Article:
Even if I’ve got more of a certain material, I still like to work in small batches, making a couple of each different book. I get inspired by the materials on hand, and having just a little of a lot of different materials really gets my creative brain going. The spine of the above book is has been upcycled from an old leather jacket; using it for just the spine allows the material to go further and enables me to use all those thinner, smaller sections of materials. Sure, I could buy new leather in bulk and make bigger batches of notebooks that were all the same; but the way I work means you really are getting something pretty unique!
Also, I like to use as many of the little scraps as I can. The above pocket book was made from an off-cut of soft grey leather; it had small slits all down the sides, but because I made small A7 books from it, it works fine for me! See the thin leather strap? That’s an off-cut from the same leather jacket used for the spine of the key print book. If I’ve got scraps left, I try and think how I can use them. Mostly they make my mini books:
I’ve put together a short video on this subject and you can find it over on The Craft Fantastic YouTube channel, or watch below. I’m still getting used to doing videos and this is less than perfect; but perfection’s overrated, right? Listen out for me getting my words the wrong way round towards the end 😀
To see my selection of hand bound notebooks, bullet journals, travel journals and more head over to my etsy store.
If you follow me on Twitter, you’ll notice my handle is @Guiwenneth – in fact, I’ve used it quite a bit for various things. So where did it come from and what does it have to do with The Craft Fantastic?
The name Guiwenneth comes from a book – of course it does! It’s taken from the ‘Mythago Wood’ series by Robert Holdstock. It’s all fantasy and forests and mythology and I’m not saying anything else; you’ll just have to read the books! Anyway, when I was thinking about my business, coming up with a brand, doodling logos, I named the mermaid I designed Guiwenneth. You should be able to see her, bobbing about at the top of my site. I guess you could say she’s my co-captain, as she was designed alongside my main logo of the little ship:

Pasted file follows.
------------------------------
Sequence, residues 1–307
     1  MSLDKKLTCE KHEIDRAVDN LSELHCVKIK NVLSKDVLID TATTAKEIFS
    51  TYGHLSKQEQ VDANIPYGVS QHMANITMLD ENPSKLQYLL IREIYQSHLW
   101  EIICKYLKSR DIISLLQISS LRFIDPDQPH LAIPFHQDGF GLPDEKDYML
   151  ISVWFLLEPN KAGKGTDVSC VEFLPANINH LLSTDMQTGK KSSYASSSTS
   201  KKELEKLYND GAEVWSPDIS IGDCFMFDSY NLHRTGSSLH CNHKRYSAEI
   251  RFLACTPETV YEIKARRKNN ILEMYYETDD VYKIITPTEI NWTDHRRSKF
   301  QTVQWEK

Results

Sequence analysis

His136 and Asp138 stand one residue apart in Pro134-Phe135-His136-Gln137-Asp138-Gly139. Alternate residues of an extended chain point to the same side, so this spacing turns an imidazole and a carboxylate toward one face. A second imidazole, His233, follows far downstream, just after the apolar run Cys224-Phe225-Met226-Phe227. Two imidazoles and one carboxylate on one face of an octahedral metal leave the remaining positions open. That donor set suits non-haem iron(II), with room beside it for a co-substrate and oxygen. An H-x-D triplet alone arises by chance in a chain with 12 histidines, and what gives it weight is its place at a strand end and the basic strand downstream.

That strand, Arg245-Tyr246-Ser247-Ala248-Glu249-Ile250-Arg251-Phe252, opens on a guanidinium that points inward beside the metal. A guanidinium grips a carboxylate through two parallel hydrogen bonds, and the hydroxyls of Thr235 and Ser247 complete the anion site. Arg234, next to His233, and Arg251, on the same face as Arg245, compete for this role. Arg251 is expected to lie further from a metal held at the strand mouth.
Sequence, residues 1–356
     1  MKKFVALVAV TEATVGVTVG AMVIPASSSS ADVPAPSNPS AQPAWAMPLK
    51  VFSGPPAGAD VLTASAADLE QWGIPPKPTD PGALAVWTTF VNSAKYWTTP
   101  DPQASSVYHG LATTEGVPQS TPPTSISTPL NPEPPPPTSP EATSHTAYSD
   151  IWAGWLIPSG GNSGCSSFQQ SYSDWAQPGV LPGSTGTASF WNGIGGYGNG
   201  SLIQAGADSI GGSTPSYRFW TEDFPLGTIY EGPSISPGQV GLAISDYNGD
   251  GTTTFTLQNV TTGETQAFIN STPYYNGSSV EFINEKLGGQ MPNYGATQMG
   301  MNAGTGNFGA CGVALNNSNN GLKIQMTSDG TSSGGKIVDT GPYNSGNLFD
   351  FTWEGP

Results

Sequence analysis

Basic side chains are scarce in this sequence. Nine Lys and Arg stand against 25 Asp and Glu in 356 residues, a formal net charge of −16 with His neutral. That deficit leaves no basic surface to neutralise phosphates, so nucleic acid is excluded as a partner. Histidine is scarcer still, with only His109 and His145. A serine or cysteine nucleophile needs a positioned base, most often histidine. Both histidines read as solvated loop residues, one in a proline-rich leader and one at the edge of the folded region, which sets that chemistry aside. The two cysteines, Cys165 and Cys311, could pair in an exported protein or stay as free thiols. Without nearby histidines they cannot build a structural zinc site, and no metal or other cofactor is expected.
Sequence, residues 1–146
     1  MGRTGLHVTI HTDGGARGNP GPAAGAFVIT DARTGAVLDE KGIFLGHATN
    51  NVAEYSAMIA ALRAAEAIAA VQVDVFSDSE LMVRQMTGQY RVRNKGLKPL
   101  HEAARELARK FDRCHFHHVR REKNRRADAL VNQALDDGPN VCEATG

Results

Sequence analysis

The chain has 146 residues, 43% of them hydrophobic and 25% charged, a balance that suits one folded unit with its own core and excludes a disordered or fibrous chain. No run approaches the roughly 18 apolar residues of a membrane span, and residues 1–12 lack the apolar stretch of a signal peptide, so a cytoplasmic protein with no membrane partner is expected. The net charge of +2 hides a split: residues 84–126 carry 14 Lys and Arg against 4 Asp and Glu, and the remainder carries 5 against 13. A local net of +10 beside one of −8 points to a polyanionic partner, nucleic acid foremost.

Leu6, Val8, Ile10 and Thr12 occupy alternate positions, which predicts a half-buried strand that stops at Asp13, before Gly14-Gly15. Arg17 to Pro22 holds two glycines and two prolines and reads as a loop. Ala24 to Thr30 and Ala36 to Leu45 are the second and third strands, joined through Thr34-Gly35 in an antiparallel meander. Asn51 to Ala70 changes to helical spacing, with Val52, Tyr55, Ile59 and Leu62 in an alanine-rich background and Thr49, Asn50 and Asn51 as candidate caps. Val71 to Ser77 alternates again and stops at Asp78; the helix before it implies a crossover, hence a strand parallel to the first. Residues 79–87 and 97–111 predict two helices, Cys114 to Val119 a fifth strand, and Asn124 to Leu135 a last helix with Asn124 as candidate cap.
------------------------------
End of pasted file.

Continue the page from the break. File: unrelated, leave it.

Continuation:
The Craft Fantastic – and intentional pun on the word craft. I loved the thought of my business being a new enterprise, setting off on an adventure into uncharted waters, so the name seemed to fit well. I’ve since designed a simpler anchor logo that works much better for my Etsy store, but I can’t ever get rid of the original boat – or indeed Guiwenneth, which is a good job as she’s tattooed on my ankle!
Finished this beauty recently! Handmade from sketchbook paper with an up-cycled leather-look cover (used to be a handbag), fancy hand stitching on the spine and a key closer attached with a suede cord that goes into a place holder inside.
First proper attempt at creating art/sculpture through book folding! Quite pleased with the result. I just did a very basic one, folding the top and bottom edges back to align with the spine, creating a point. I left a few pages free and simply tucked the pages round. Will be more adventurous next time.